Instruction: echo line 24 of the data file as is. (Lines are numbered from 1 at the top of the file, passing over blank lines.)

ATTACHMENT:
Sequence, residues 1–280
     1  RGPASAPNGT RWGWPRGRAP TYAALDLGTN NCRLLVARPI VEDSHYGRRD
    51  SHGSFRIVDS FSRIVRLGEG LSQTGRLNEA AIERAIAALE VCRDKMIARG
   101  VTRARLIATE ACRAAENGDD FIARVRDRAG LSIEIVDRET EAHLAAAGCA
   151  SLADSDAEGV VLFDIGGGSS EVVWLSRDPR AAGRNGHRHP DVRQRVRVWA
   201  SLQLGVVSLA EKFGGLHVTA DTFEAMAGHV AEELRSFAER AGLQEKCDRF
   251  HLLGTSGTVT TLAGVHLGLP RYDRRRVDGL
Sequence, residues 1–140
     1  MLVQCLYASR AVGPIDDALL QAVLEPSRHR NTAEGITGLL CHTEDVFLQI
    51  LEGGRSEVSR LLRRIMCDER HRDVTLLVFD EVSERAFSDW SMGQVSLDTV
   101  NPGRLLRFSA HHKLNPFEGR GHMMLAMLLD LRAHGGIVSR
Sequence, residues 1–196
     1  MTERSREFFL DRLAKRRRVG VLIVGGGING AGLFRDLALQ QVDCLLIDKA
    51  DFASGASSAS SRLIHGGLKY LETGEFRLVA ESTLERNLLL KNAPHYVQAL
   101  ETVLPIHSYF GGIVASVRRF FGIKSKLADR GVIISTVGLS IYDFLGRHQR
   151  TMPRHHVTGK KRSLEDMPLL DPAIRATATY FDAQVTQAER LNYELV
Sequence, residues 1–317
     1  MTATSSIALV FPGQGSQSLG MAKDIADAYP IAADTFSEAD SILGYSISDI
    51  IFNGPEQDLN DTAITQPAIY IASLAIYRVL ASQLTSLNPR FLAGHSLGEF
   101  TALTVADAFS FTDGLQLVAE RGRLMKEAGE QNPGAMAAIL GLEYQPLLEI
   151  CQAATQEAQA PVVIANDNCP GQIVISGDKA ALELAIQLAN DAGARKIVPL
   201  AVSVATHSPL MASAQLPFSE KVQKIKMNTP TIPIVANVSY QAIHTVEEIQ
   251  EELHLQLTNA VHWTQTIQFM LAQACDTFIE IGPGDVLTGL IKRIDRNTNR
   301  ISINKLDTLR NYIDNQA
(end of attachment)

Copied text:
   301  ISINKLDTLR NYIDNQA